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Signs of life return in North Santiam Canyon
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Signs of life return in North Santiam Canyon

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GATES — Cheeseburgers sizzled and popped on hot griddles and the aroma of grilled onions wafted through the cool air at a makeshift food court at the Gates Community Church parking lot Friday.

Members of the Silverton Lions Club and Elks Lodge have prepared and served three meals per day there since Labor Day weekend wildfires ravaged much of the  Santiam Canyon.

“When we first started, we served 300 to 400 meals per day,” said Lions volunteer Jon Debo. “Now that Highway 22 has opened and people are getting back into their homes, it has slowed down.”

Debo said club and lodge members are joined daily by local volunteers.

“At first, we bought all of the supplies, but quickly businesses and individuals began donating food and it’s been that way ever since,” Debo said. “We accept monetary donations as well, but it’s not required.”

Jill Saari lives in Mill City. On Friday, she was picking up a load of boxed lunches for people who were working on a relative’s home in Gates.

Unlike six weeks ago, the air was clear of smoke and the sun was shining brightly in the canyon, but reminders of the tragedy that occurred here Labor Day evening and the following days are everywhere.

There are hundreds of car and truck carcasses left behind by the wind-driven fires. They sit on metal rims, devoid of tires, glass and upholstery.  Paint that was stripped by the blaze has been replaced by thin layers of rust.

Like an episode of the 1960s TV series “The Twilight Zone,” they remind all who pass by just how devastating wildfire can be when 60-mile-per-hour winds turn already scary blazes into uncontrollable infernos.

But life in the sparsely populated Santiam Canyon is slowly returning to its not-so-normal COVID-19 pandemic ways. Recent rains have turned grass bright green. Ferns and other plants are popping up in the charred forest lands. Although there are hundreds of homes and businesses in shambles, some property owners have stacked metal and other debris in neat piles, anticipating a time when they can rebuild their homes.

Highway 22 has reopened, providing a pathway to Central Oregon, and even though thousands of fire-killed trees on either side of the highway are now stacked in neat log piles, traffic was heavy.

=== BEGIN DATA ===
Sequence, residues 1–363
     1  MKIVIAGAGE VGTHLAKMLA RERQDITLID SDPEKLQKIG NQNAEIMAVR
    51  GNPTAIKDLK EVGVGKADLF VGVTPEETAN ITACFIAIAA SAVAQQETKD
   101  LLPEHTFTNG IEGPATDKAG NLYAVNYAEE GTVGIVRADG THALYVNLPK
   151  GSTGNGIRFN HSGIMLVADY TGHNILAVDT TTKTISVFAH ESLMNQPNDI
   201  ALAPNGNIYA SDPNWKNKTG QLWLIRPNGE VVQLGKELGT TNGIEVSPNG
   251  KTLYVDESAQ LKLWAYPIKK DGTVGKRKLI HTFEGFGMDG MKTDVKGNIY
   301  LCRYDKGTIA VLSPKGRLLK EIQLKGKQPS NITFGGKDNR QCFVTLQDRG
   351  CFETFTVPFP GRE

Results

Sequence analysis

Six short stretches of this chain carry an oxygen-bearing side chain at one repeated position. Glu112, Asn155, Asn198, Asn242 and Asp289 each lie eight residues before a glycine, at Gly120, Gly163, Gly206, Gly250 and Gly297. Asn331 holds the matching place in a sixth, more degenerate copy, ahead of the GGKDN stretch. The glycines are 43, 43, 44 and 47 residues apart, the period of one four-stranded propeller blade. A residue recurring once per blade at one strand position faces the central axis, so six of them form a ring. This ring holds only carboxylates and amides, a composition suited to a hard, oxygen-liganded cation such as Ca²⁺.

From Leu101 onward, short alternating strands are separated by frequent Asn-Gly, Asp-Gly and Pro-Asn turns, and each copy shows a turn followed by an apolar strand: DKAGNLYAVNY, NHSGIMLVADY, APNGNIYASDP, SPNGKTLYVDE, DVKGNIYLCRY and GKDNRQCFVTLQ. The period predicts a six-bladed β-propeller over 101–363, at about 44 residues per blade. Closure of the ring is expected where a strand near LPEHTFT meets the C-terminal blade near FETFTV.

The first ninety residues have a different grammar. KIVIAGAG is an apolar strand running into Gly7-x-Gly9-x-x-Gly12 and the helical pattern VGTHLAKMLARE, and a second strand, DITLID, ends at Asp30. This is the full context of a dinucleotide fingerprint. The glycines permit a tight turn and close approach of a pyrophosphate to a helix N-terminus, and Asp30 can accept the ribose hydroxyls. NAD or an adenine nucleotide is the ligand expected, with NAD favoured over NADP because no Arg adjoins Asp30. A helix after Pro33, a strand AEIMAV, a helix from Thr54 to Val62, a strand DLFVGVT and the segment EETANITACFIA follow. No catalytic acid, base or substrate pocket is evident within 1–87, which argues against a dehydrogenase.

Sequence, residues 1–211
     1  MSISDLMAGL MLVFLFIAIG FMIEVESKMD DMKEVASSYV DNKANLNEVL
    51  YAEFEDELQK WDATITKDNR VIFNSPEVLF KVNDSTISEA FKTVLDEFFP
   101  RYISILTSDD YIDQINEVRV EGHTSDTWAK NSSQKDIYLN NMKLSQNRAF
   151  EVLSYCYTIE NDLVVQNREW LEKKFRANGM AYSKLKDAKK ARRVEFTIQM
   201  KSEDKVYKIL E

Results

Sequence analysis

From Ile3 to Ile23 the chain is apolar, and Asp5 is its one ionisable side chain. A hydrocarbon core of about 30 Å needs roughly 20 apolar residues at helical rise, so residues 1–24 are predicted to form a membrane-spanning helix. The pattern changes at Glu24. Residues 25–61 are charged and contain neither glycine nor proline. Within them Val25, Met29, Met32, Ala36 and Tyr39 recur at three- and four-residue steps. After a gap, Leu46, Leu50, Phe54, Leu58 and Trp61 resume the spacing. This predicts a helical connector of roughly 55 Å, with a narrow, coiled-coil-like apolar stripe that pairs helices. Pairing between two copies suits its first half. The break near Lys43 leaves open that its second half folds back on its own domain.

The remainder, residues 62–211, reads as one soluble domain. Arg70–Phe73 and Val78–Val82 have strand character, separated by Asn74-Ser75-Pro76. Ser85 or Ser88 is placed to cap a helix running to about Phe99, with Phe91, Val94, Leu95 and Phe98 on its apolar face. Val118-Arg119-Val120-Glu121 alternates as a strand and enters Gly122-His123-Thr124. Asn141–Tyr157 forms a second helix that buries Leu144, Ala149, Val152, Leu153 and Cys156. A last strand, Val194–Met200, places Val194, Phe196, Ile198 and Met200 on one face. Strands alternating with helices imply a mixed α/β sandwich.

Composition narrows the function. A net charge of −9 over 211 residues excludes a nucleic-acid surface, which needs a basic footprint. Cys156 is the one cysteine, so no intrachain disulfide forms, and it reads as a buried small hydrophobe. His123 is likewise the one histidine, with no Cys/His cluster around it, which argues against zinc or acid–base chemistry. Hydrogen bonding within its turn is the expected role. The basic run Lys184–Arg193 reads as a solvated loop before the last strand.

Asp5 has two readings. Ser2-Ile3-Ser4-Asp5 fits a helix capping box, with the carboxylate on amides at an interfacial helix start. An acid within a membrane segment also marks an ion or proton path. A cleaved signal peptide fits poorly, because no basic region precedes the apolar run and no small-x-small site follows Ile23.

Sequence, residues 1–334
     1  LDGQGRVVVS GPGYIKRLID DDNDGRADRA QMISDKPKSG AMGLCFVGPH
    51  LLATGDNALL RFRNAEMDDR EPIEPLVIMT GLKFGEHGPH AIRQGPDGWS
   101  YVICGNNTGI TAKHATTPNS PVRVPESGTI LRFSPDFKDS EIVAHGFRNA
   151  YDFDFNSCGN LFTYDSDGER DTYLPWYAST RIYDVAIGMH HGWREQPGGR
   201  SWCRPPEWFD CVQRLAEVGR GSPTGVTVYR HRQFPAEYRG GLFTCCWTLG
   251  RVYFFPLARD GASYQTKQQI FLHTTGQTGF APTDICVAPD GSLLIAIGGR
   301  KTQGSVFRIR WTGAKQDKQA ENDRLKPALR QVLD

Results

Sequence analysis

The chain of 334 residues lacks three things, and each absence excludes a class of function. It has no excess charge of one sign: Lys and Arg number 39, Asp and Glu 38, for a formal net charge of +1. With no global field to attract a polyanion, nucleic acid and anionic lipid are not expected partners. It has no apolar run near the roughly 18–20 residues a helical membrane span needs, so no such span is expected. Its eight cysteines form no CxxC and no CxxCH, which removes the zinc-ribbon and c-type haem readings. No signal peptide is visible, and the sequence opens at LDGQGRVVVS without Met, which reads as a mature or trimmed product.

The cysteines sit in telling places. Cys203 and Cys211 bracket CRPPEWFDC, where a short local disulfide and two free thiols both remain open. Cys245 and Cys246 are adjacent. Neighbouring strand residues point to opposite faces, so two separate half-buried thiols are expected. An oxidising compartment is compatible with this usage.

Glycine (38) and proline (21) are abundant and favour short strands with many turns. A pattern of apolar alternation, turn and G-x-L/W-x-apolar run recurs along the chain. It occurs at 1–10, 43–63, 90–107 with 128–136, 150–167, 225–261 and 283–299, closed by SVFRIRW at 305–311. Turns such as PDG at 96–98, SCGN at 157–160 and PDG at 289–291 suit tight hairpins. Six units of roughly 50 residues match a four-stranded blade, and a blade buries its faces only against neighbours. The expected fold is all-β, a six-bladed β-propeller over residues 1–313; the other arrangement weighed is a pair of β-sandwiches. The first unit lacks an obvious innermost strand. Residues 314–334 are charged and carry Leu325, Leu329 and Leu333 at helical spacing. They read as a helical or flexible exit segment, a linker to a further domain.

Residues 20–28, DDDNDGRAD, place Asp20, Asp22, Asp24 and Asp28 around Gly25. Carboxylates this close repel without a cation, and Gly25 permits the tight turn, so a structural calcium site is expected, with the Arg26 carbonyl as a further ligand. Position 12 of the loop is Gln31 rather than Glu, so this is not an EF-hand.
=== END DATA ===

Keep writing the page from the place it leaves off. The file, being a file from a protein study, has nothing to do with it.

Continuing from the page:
Some of the travelers were getting their first chance to see the carnage.

Dusty and Linda Winicki live in Salem and were among the sightseers in Detroit.

“We have a friend whose truck was burned up,” Dusty Winicki said. “It’s over there in front of the Post Office.”

“It’s so sad,” Linda Winicki said. “We hope it recovers, but it is going to take a lot of time and these people are going to need a lot of support.”

The Mountain High grocery store is one of few buildings left standing in the Detroit business district, and residential properties that were unscathed are few and far between.

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Paul Filipenko of Aussie Builders in Salem had a crew preparing a home overlooking Detroit Lake for a rebuild.

Tyler Forshey was tearing the brick façade off the home as carpenters prepared a sill plate for trusses. The good news is that the homeowner also owns a masonry company.

“Trusses are coming next week,” Filipenko said. “The home has a cement block base, and that was covered with brick. The blocks are solid. We’ve had an engineer check out everything, and we are OK to build.”

Filipenko said he has worked on several projects over the years with the homeowner.

“They lost everything,” Filipenko said.

Idanha Deputy Fire Chief Damon Faust said the community’s 911 system should be fully operational on Saturday.

“We should be back to our regular coverage of motor vehicle accidents and 911 calls,” Faust said.

His home is still without running water, so Faust had come to the fire station to take a shower.

A trailer outside the station was being used as a community bulletin board, with messages written in dry-erase marker.

Faust said the department has two paid staff members and about 25 volunteers. Two volunteers lost their homes in the fires.

“There has been a tremendous outpouring of support from our fellow fire agencies and the public in general,” Faust said.

He said other fire departments have donated trucks, breathing gear and emergency supplies.

“We are compiling a list, but we know of at least 20 donors so far,” Faust said. “It is amazing.”

As of Friday, the Beachie Creek Fire that rolled into Mehama, Lyons, Mill City and Gates had burned 193,000 acres and was 80% contained.

The Lionshead Fire that started in Central Oregon and was driven west to Idanha and Detroit by high winds had consumed 204,000 acres and was just 46% contained.

Oregon property owners ready to begin rebuilding and recovering from this summer’s devastating wildfires now have a dedicated phone number, 541-225-5549, to call with questions about EPA’s removal of household hazardous waste at their property or to provide additional details about their property that will help speed the EPA removal work.

The hotline will offer service in both English and Spanish.

The removal of household hazardous waste is required before the property can be cleared of ash and debris. 

Property owners who have not already signed and completed a right of entry form with their county are encouraged to do so to help speed cleanup operations in their area. See the Oregon’s Wildfire Cleanup website for more information on the forms.

Contact Linn County reporter Alex Paul at 541-812-6114.

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